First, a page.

By Jennifer Viegas
A newly discovered dinosaur, Yulong mini, was appropriately named, as the remains of its chicken-sized offspring are now among the smallest dinosaurs ever found, according to a new study.
The tiny baby dinosaurs, described in the journal Naturwissenschaften, were oviraptorids, a.k.a. "egg thieves." These non-flying dinosaurs resembled modern birds, except adults of some species could grow to over 26 feet long.
"Yulong looks like chicken with a tail," lead author Junchang Lü told Discovery News. "Its behavior was similar to living birds too. Based on the primitive oviraptors such as Caudipteryx, Yulong should be feathered, although we could not find feathers due to the poor preservation condition."
Lü, of the Chinese Academy of Geological Sciences, and his colleagues analyzed the dinosaur remains, which were unearthed at Henan Province in central China. In addition to Lü, the team included researchers from the Henan Geological Museum as well as Philip Currie from the University of Alberta.
While adult dinosaurs were found in the general region of the excavation, they were not directly with the babies, suggesting that members of this species did not require parental care when young.
It has been widely accepted that oviraptors were carnivores. One earlier specimen, for example, was found with the preserved remains of a lizard in its stomach. The new study, however, challenges that theory.
In terms of the new oviraptor fossils, "based on their hind limb proportions, the pattern is more commonly seen in herbivores than in carnivores, thus indicating that they were herbivores," Lü said.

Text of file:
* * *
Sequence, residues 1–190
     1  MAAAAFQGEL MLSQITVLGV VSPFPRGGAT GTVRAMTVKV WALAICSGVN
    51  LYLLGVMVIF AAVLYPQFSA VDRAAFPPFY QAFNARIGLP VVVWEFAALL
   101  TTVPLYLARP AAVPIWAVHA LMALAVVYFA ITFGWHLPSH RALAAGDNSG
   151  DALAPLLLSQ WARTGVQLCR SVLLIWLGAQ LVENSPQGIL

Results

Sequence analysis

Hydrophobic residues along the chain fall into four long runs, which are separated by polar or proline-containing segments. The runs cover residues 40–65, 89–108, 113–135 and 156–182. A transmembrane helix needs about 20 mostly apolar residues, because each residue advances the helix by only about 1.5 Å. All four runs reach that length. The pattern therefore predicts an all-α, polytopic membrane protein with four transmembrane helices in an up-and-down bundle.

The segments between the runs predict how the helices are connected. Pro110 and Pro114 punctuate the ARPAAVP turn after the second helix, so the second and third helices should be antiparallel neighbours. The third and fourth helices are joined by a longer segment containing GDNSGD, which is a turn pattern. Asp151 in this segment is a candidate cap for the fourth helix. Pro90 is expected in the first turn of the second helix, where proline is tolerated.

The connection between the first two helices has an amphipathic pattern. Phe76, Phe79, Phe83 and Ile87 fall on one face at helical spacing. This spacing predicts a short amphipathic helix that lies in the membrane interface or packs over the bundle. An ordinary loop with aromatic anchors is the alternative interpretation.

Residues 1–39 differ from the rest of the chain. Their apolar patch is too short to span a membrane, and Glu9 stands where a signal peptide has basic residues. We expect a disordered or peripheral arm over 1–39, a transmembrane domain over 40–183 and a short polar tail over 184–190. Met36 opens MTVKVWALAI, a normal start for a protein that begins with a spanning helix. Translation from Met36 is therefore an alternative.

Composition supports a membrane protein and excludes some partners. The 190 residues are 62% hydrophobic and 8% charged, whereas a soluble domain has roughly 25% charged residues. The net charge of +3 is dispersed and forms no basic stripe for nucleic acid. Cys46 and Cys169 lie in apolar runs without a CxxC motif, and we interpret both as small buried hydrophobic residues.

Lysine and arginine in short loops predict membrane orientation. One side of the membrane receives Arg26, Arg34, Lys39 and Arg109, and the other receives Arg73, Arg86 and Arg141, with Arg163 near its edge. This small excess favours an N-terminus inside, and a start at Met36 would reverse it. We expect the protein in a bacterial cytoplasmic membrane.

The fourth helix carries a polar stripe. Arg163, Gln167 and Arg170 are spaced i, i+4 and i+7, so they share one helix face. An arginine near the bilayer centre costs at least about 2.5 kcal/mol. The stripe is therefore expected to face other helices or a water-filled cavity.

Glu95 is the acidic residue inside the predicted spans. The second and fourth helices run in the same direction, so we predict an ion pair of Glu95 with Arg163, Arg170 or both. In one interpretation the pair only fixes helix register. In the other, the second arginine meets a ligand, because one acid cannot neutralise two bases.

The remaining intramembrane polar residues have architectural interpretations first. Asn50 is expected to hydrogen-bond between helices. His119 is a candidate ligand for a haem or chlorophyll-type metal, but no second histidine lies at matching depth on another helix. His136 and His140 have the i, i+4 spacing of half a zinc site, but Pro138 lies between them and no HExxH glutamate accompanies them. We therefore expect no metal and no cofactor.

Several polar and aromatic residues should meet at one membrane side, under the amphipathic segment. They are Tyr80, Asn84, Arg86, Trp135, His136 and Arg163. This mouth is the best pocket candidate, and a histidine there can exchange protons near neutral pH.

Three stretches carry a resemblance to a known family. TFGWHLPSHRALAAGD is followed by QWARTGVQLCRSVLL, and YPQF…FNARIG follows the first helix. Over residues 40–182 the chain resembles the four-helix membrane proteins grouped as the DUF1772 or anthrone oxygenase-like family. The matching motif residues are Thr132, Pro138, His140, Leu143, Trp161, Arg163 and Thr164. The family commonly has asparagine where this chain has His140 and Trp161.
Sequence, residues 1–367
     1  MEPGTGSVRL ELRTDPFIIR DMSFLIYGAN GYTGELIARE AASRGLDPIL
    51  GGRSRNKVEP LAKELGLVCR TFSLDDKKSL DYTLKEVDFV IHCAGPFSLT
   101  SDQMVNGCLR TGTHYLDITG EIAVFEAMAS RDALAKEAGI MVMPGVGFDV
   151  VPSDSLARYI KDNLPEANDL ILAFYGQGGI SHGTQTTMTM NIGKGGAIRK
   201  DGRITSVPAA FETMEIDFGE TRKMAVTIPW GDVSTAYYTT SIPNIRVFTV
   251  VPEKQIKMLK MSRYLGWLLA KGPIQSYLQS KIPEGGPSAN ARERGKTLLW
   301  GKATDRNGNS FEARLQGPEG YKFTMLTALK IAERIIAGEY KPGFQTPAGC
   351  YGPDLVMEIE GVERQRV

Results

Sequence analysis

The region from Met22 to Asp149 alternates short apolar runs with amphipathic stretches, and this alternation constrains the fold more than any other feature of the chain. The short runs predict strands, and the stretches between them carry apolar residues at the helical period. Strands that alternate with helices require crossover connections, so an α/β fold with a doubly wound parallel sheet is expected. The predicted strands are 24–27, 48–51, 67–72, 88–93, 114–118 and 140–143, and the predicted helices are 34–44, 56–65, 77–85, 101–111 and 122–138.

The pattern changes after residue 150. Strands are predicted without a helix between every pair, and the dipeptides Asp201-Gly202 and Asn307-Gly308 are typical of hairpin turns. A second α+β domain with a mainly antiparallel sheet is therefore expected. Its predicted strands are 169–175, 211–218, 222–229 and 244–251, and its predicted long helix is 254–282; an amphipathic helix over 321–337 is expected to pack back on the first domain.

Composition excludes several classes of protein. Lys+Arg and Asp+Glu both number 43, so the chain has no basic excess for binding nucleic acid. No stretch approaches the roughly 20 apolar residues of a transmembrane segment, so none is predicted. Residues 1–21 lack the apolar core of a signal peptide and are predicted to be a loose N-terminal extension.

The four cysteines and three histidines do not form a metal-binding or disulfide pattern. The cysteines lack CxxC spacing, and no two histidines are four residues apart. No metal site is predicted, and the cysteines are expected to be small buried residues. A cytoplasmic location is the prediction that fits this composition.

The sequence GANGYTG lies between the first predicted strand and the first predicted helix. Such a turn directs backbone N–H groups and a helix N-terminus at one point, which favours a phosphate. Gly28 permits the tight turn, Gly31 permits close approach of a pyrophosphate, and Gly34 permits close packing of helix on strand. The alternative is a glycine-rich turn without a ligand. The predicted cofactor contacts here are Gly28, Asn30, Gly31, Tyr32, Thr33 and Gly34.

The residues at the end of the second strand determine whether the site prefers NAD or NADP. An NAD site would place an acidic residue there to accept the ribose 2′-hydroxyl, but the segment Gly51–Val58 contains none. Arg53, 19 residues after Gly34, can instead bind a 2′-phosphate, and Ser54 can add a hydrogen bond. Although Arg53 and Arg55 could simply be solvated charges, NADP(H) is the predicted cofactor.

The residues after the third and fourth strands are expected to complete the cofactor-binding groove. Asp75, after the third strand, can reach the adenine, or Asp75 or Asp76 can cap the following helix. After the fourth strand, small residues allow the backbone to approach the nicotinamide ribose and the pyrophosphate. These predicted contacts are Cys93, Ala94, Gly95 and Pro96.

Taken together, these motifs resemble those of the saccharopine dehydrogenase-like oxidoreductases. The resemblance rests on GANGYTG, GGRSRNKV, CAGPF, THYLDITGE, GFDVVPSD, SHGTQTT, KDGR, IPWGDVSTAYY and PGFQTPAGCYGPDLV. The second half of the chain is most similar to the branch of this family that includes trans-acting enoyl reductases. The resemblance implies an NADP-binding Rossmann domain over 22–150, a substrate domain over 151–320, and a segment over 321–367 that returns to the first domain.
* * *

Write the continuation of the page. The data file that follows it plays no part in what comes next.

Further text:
He did, however, add that the jaw structure of this dinosaur could have handled a few meaty edibles.
"It provided strong bite force when (the dinosaur) ate hard foods such as nuts, mollusks and even eggs," he explained.
Currie, though, described Yulong mini as having a "sedentary lifestyle that did not involve the pursuit of similar-sized prey."
The dinosaur might then have rather passively poked around for food, similar to how some birds today forage.
Yulong mini itself was good eats.
Just as many humans today love chicken, it seems that other dinosaurs enjoyed chowing down on Yulong. Remains of several large carnivorous dinosaurs, including T. rex, were found in the area and likely preyed on the more sedentary dinosaurs, the researchers believe.
While Yulong mini and other oviraptorid dinosaurs resembled chickens and other modern birds and appear to have behaved somewhat like them, they were definitely non-avian dinosaurs and not birds.
"They could not have been the ancestors to modern birds," Lü explained. "They (exemplify) convergent evolution and went extinct at the end of the Cretaceous."
That was around 65 million years ago, when the world's non-avian dinosaurs all went extinct.